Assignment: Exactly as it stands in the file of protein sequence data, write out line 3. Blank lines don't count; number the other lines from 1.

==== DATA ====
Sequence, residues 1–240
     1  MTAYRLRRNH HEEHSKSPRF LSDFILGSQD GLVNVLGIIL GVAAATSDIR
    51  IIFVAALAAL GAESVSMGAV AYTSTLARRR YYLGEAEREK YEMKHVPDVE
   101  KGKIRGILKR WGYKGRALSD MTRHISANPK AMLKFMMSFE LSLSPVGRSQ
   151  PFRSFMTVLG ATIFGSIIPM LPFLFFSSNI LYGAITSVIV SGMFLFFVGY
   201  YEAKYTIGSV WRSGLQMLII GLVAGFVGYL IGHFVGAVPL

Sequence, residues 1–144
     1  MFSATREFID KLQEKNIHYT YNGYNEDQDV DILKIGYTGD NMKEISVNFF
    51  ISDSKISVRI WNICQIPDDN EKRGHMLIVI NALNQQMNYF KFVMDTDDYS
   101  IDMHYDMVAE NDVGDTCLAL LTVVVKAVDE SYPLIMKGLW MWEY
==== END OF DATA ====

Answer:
    51  IIFVAALAAL GAESVSMGAV AYTSTLARRR YYLGEAEREK YEMKHVPDVE